By LA Weekly
By Henry Rollins
By Weekly Photographers
By Shea Serrano
By Nate "Igor" Smith
By Dan Weiss
By Erica E. Phillips
By Kai Flanders
Happy summer! It’s been a historic couple of weeks in Hollywood — what with Paul McCartney gigs, White Stripes in-stores and Prince residencies. (See my Prince concert notes below.) But summer’s just begun, and the next two weeks offer some worthwhile rock doings.
ROBOTS INVADE L.A.: Daft Punk make pop music in the guise of electronica, and it’s an absolutely delightful celebration of music itself — from the Beach Boys to Parliament to glam rock and beyond. Ten years after they recorded their live album (Daft Punk: Alive 1997), the robots return to L.A. to launch a limited tour of the U.S. I am excited as shit to see them, and feel horribly lucky. (I missed their much-ballyhooed set at last year’s Coachella.)
Daft Punk play the L.A. Sports Arena on Sat., July 21.
? BEATLES INVADE THE EGYPTIAN: If you’re a Beatles fan, a documentary-film buff, or just a regular guy like me, you are gently urged to check out a beyond-rare screening of the film What’s Happening! The Beatles in the U.S.A. (1964), opening the Mods & Rockers film fest this weekend at the Egyptian. This intensely intimate documentary was shot with hand-held cameras by the legendary Maysles brothers — who had crazy access to the Fabs during their first U.S. trip. Largely filmed in hotel rooms, train compartments and even inside the Beatles’ limos, this is the documentary that inspired A Hard Day’s Night. And it makes an excellent companion to that film, providing real-life glimpses of the boys’ first serious reckoning with their own monstrous stardom. And, my God, they smoked a lot! The quiet moments are also revealing: They seem dazed and tired at times, perhaps already creatively restless — in one shot, John sits in a chair, fiddling with a whistle, almost absent-mindedly playing what sounds like “Strawberry Fields Forever.”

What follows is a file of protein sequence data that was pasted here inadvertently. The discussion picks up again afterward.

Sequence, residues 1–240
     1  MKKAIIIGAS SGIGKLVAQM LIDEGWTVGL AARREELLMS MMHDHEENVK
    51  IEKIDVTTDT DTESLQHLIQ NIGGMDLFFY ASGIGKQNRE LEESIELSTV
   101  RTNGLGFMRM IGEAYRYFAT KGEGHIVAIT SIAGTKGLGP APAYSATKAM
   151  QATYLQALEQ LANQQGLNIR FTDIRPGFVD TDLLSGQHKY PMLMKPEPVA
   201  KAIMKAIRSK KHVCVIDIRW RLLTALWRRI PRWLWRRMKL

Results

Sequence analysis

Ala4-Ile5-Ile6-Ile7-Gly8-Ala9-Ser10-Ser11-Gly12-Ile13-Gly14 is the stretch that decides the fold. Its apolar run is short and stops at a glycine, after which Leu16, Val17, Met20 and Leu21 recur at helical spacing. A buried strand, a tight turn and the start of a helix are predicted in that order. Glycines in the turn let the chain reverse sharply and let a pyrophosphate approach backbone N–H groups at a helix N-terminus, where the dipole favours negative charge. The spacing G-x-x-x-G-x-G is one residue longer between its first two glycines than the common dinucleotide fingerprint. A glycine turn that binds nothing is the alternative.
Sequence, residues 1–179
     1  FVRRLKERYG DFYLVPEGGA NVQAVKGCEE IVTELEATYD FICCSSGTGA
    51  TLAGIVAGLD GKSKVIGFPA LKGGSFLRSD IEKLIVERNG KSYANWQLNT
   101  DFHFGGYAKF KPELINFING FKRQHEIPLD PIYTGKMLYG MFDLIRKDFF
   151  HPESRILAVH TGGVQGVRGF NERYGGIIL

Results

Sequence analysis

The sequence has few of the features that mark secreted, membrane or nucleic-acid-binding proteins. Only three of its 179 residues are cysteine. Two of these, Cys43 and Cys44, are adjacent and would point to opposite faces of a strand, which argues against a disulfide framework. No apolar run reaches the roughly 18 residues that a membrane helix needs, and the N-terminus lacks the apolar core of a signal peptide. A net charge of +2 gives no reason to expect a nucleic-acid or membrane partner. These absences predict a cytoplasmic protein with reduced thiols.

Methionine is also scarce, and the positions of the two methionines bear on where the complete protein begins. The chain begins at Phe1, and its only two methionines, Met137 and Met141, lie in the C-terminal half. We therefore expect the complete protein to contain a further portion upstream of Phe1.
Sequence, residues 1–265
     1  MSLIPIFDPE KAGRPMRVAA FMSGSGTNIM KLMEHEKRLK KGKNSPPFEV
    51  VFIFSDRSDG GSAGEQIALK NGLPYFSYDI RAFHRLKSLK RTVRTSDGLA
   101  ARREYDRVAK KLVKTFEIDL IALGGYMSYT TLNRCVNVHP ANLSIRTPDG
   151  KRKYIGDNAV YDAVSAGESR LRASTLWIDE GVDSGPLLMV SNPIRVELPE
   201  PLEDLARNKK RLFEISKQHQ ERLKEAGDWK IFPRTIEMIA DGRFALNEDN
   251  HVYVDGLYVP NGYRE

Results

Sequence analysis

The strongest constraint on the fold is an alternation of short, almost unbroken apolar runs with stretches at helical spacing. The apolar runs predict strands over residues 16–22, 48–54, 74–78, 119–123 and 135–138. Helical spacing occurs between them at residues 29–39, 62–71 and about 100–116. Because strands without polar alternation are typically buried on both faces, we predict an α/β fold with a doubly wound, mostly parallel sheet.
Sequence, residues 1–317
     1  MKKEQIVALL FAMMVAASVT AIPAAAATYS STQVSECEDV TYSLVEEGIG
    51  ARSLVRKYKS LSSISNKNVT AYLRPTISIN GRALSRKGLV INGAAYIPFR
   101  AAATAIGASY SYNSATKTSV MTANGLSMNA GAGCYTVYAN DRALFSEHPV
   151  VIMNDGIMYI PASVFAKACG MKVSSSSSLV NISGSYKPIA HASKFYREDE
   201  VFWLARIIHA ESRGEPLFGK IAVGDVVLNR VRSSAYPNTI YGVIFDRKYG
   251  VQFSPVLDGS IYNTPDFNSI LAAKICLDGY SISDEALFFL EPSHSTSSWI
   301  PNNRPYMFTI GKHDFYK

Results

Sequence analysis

A re-edited version of this film was released in 1994 (The Beatles: The First U.S. Visit), but this pristine original cut is bizarrely unavailable anywhere, and has never been released on DVD. (Don’t even try to Netflix it, yo.) Note: The rest of the festival is also fab, seriously, and includes the much-whispered-about, rarely seen ’06 doc Who Is Harry Nilsson (And Why Is Everybody Talkin’ About Him?) (Saturday, July 14); The Beach Boys Live in London (Sunday, July 15); and Led Zeppelin Live at the Royal Albert Hall (Wednesday, July 18).
What’s Happening! The Beatles in the U.S.A. shows Friday, July 13, at the Egyptian Theatre with the Maysles’ Gimme Shelter. For tickets, go to www.modsandrockers.com.
? PRINCE INVADES HOLLYWOOD: As a Prince fan, I’m deeply enjoying his rebirth as an aspiring pop star. Maybe he’s matured, maybe he needs the money, or maybe he just can’t stand life outside the spotlight — it doesn’t matter, really. The good news is, Prince seems to have outgrown his ?grudge against major labels and the world in general, and is eager once again to be a part of mainstream pop culture.
What’s a little less inspiring is the fact that he’s doing the whole corporate tie-in thing to promote his upcoming album and world tour: The “video” for “Guitar,” the first single off the forthcoming Planet Earth, is basically an ad for a certain cell-phone company.
Whatever. The song is no “Let’s Go Crazy,” but I’ll take it any day over anything off Come, The Rainbow Children, et al. And during his recent residency at the Roosevelt Hotel — I caught the show on Friday, June 29 — “Guitar” fit in nicely with a carefully chosen set list heavy on golden-era hits ’n’ B-sides.
One of the strangest things during the show, though, was watching Prince be forced to “warm up” the audience — who were chatting loudly in the back of the room for maybe the first half hour of the show (which began at 12:30 a.m. and lasted about 90 minutes). (This was not the case at his Las Vegas gig, which I reviewed in the spring.)
No doubt the audience was waiting for a hit: Prince and his band opened with a New Orleans–style “Down by the Riverside,” which morphed into a 20-minute gospel-blues vamp on “Satisfied,” off his last album, 3121. His new lyrics were hilarious — about his “cockeyed” woman (who asks for the pepper but looks at the salt!) — and proved that comic timing is yet another weapon Prince carries on his Total Entertainer tool belt. (And let’s not forget that unearthly falsetto, which he used to impressive ends in the opener.)
The set list was surprisingly similar to the Vegas show I caught, but this time I wasn’t as bothered by the brass section — specifically, the way its sonic harshness can bleach the darkness and mystery from Prince’s compositions. I still think “If I Was Your Girlfriend” suffers under the pomp and crash of the brass, but mostly the arrangements felt appropriate to the moment: This was meant to be a debauched house party more than a concert. It wasn’t meant to be the Total Journey a Prince fan always longs for, and experiences through his best albums.
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